OK, so by now you’re convinced. Right? You are going to become a label guru and save yourself time and frustration.

Great! Now, I have just a few more tips to help make it easy for you to keep track of all your herbs from harvest to final preparation. Personally, I use 4 different ways to label my herbs depending on where they are in process.

If you grow or harvest your own herbs, you’ll want to read about all 4 label types. However, If you plan to buy your ingredients elsewhere and then make your own products, you can skip down to labels 3 and 4.

Label #1: Harvest Labels

When I harvest, I write the name of what I harvested and the date I harvested it on a scrap of paper. This is basically just for identification of the plant and for calculating “use by” dates for later preparations.

Since I use a whole bunch of different drying and processing methods, I clip this temporary label to wherever makes sense, using a clothespin. In the case of my garlic above, I just clipped it in the middle of that bunch. If I have something in the dehydrator, I clip the label to the lid until I take the dried herbs out.

This is not a terribly sophisticated method. But after drying, those harvests will usually get processed again and put in some other container for longer keeping. So it doesn’t make sense to spend more than 10 seconds on labeling at this point.

On my homestead, no one bothers my herbs in process until I have them ready to use in easy-to-access containers. But, if people like to move your mid-process herbs around, you might want to add things like “Drying, Don’t Disturb” just so they don’t put your harvest in the compost bin.

If you wild-harvest your herbs, you may also want to include details on where you sourced them so you can transfer it to other labels later.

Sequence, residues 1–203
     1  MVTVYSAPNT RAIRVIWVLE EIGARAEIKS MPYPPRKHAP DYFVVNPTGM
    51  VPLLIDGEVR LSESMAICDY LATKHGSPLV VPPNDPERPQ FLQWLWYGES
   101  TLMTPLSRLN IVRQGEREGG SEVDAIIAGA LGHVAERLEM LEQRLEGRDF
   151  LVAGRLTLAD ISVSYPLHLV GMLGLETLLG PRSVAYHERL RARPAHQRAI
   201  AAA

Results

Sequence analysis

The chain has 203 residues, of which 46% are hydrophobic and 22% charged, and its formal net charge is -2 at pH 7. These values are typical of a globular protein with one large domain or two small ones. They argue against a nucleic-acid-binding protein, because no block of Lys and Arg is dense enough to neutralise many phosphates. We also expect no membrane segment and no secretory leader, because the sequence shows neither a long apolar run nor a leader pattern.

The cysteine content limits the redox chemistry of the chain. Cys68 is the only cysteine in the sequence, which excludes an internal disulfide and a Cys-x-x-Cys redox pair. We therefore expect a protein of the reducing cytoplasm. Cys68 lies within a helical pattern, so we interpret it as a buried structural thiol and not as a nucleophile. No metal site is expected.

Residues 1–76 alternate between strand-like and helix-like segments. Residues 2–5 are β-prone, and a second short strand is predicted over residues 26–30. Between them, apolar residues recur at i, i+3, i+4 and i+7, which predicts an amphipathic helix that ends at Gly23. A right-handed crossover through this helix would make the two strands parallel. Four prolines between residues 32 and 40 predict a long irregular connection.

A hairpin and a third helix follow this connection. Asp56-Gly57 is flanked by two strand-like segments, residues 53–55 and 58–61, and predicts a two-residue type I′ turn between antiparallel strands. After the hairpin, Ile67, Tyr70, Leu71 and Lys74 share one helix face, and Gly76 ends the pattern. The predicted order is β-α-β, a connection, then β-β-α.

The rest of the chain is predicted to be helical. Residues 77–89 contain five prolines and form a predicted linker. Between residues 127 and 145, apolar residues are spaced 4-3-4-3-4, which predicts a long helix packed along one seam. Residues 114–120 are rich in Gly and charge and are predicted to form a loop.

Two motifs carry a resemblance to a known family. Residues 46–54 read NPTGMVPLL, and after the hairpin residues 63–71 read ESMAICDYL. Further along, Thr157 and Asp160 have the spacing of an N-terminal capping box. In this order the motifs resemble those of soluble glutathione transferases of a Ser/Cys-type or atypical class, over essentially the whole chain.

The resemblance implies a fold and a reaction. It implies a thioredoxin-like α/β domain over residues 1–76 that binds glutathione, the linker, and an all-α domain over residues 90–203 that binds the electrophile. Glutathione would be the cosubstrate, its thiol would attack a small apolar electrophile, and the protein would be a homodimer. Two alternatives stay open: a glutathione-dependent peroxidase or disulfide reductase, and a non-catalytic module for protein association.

Label #2: Single-Ingredient Labels

Once my harvest is dried, I usually transfer each herb to a container suitable for longer-term storage. Most of my herbs end up in mason jars, in other repurposed glass containers, or in tinted freezer bags.

For glass jars, I just write directly on the glass using a marker. This label can be easily scrubbed off later so I can reuse those containers in the future. For plastic bags, I put a scrap slip of paper inside the bag, face up, so I can read it. Then, if I want to reuse the bags, I can.

For these single-ingredient labels, I include the name of the herb and the date harvested as I do for my harvest labels. At this point, I also add any cautionary information needed, such as expiration dates. For example, the borage I mentioned earlier is best used within 1 year. So, I’d include a “use by” date that is 1 year from the harvest date.

Also, I don’t live alone, which means other members of my family might also access my packaged herbs. So, for things that are only good for topical use, I’ll clearly mark their intended use. I’ll add descriptions like “POULTICE USE ONLY” or “SALVE USE ONLY” on the label.

If you live with kids, you may want to be even more clear and mark things as “Poisonous.” Also, it may be best to secure non-edible herbs out of reach, or in locked cabinets, for additional safety.